There was a time several years ago, when my son said he believed “in God and Jesus like Grammy, but science and the Universe, like you Mommy” and it pained me. It didn’t pain me that he was a believer in Jesus, but that it had to have a qualifier “like Grammy” and “like you, Mommy”. I’ve long felt that I wanted his beliefs to be his own. I didn’t want to unduly influence him. If given the choice between Christianity, Buddhism, Neo-Paganism, Atheism, etc (all things he’s been exposed to) what would he choose all on his own? If he chose something different from me, which is what I mostly expected, how far down the rabbit hole would he go? I want him (and his sister) to be curious seekers in the world and not accept things at face value or just because an adult told them so.

Since he was about 8 years old, I have had the concern about VBS pushing him to “get saved”. There is a window of time where children are especially keen to fit in with their peers but to also be seen as “good” by the adults. If you read many biographies of Christian pastors and performers a large number of them “came to Jesus” when they were between 6-12. I know my son. I know he has a hard time fitting in with his peers and I know he’s a people pleaser. These things leave him vulnerable and seemingly easy to influence. This is why I’ve worked so much to teach him skeptical inquiry and critical thinking. I don’t even want to have undue influence on him myself.


Fast forward to now, when I have been … mayhaps one could say “brooding” about the upcoming VBS. VBS is this week. It started on Monday night. Tuesday, when we spoke, I asked them first, if they had fun, to which they exuberantly proclaimed they did. Then, I asked what they did that made it fun, what were the activities, and what story are they learning. They are learning stories of the Israelites from Genesis, which surprised me a little bit. I had forgotten how much my former church studied in the Old Testament. Most younger Christians I speak with don’t study the OT, but instead focus on Jesus’ message of love in the New Testament. (I’m not sure if this is a generational or denominational thing.)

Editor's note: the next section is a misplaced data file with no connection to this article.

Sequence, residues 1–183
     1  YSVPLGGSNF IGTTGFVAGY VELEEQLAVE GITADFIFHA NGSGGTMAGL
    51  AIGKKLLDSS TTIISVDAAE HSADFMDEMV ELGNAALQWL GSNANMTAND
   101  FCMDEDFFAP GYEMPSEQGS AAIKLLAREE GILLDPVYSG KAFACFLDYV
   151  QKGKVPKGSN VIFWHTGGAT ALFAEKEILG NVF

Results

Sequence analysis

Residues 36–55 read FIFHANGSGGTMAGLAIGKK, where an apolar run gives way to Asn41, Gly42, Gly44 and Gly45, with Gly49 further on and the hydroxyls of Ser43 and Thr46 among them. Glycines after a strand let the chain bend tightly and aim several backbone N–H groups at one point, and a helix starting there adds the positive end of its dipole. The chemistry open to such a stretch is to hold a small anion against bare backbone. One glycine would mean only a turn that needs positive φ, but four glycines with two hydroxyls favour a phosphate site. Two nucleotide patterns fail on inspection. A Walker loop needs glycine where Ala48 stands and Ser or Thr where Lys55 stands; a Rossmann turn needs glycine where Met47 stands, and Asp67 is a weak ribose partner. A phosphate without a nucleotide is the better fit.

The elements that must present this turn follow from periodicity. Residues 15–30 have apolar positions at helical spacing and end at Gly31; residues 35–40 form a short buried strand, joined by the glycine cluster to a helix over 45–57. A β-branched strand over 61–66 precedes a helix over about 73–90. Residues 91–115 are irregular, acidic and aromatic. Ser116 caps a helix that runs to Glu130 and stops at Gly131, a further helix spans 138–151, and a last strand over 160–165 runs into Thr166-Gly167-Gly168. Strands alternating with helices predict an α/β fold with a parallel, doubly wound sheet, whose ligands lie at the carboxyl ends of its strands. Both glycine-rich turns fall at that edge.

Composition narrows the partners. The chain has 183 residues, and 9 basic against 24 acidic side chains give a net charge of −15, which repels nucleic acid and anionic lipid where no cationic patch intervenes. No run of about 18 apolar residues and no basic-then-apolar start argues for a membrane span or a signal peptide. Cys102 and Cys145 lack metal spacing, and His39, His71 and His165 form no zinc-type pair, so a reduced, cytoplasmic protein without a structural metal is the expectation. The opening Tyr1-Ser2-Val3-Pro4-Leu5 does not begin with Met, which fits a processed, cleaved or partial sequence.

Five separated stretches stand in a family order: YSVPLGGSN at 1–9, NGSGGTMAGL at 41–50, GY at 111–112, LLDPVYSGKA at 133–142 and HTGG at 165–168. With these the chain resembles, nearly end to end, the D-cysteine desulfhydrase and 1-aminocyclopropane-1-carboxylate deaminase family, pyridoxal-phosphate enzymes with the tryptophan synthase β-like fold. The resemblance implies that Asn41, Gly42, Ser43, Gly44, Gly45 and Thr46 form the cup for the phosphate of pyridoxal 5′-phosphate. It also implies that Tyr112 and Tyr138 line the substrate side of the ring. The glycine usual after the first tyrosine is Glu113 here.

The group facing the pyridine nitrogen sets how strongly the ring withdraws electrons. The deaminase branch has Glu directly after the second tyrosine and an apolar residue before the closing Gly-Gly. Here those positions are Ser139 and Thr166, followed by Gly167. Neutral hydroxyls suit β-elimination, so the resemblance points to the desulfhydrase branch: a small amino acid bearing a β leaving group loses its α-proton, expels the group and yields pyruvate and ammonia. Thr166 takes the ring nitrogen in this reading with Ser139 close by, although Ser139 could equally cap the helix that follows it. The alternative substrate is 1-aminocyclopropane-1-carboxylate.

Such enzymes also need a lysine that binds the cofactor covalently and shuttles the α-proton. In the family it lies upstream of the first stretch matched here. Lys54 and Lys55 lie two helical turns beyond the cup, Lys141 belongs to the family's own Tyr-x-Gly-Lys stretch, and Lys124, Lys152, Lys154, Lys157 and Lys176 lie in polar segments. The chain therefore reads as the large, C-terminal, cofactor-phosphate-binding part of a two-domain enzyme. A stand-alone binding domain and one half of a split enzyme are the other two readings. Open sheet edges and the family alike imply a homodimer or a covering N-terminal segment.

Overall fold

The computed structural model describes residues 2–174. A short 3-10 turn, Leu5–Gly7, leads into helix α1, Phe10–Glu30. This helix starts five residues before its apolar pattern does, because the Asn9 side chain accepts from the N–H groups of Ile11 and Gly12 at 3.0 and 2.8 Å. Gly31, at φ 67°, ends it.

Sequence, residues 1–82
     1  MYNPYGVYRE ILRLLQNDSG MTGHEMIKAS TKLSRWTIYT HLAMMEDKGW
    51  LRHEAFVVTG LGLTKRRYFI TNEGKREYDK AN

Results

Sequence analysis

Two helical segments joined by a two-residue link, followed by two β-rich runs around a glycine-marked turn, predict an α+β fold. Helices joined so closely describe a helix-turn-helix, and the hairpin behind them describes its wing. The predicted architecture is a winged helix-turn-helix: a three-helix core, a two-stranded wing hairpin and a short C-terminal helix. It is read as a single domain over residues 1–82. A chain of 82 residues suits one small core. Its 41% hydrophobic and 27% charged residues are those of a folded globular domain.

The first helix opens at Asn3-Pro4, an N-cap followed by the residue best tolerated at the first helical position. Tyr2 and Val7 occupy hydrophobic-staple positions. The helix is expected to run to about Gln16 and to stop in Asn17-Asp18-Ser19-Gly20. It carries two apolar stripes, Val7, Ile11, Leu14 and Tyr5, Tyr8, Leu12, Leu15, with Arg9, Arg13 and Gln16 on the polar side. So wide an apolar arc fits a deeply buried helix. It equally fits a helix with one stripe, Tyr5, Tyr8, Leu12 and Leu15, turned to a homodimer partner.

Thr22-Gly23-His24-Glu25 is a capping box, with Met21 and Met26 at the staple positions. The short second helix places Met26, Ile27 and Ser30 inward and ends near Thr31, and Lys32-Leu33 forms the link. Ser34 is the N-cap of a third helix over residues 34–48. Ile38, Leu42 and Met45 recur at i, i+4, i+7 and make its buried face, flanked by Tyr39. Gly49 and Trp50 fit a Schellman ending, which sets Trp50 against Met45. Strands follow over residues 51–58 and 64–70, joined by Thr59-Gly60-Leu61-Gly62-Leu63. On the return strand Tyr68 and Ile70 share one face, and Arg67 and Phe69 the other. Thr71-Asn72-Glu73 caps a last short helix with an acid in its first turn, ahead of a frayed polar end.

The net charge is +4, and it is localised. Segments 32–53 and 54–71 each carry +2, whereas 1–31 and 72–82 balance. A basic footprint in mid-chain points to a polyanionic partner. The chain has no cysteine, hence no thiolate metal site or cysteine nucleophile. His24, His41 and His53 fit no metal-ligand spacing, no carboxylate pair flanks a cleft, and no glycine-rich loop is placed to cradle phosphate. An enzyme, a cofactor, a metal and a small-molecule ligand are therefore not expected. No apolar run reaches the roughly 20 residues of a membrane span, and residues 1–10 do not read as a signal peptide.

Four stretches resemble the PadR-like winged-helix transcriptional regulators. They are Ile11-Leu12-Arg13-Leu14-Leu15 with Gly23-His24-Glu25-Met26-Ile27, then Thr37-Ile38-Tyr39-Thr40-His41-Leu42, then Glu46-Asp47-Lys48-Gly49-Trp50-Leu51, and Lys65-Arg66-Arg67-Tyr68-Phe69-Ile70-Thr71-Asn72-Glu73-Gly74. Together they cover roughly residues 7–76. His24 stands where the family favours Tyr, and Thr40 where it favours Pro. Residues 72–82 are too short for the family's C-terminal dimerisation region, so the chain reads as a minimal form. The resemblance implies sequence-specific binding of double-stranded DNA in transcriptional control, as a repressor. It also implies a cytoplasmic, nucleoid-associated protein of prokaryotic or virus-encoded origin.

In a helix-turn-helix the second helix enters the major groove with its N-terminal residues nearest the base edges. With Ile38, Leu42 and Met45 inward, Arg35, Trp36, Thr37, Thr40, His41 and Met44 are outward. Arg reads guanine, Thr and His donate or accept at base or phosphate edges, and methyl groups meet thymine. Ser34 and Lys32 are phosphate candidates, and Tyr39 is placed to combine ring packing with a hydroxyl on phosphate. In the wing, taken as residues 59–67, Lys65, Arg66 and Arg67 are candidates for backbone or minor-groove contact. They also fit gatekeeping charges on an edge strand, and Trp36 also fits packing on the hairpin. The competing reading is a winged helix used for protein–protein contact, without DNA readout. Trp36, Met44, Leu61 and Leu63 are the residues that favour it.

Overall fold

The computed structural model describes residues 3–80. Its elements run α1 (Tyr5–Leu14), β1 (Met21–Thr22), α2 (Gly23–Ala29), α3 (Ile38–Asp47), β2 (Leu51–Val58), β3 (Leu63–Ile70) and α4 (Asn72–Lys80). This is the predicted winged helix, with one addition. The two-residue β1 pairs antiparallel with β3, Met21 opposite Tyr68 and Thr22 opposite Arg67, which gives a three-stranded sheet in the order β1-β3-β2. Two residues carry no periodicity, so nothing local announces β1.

They both enjoyed the art activities which included making their own brick out of sand and mud and straw, like the slaves in Egypt. I thought this was an interesting thing for craft time, but they seemed to like the tactile qualities of the mud and getting dirty. We discussed the story they were told, about the Pharaoh enslaving the Israelites. They both said “but don’t tell us the end, Mommy, the storyteller is really funny. We don’t want to spoil the end!” I laughed at that and said “but you know this story, if you think about it. What is it you want to happen to the Israelites?” Then, my son said, “Oh yeah, they do get to go free. Cause that guy goes up a mountain and then the ocean splits apart.” “Yes, that guy was Moses.” Then, he said, “Yeah, I don’t think science can really explain that part.” I realized I’d been holding my breath. “But Mommy, I can kind of understand why Pharaoh enslaved them, because there were so many Israelites and they outnumbered the Egyptians. If he hadn’t they could have taken over his country.”

So, what would you say to that? Alarm bells went off in my mind. For context, this church is in Texas, USA. So, I’m thinking, “What kind of anti immigration non sense are they telling my children?!” I had to take a moment and think about how to express what I wanted to convey.

We then discussed freedom. Freedom to live as you choose, where you choose, how you choose, and with whatever god you do or don’t choose. I explained how even thousands of years after that story, people still fight and kill each other because they disagree about whose god is the right one, who can live where, what rights people have when they leave one country or another. We both agreed that it was a case of people making things far more complicated than they need to be, since we should all just share the Earth and treat each other with love.

He said to me, “I think people just want to believe in god so that there is something bigger than them that makes good or bad things happen. They don’t have to worry as much if god is taking care of them.” I’m proud he sees that at such a young age and it scares me to think what weight he may be carrying around on his own, although I think we manage to talk out most things pretty well.


“There are two ways of spreading light: to be the candle or the mirror that reflects it.” – Edith Wharton


He’s twelve, so our conversation didn’t go as long as I’d hoped. But, when he said he wanted to tell me about his Yu-Gi-Oh cards instead of talking about freedom and church anymore I thanked him for talking with me about it as much as he had.

“Thank you for listening to me, Mommy.”

Moments like these make me feel that if I can be a mirror for the light in him to illuminate his curiosity and kindness that will be enough.

Let your Light shine,

Audaciously,

Allie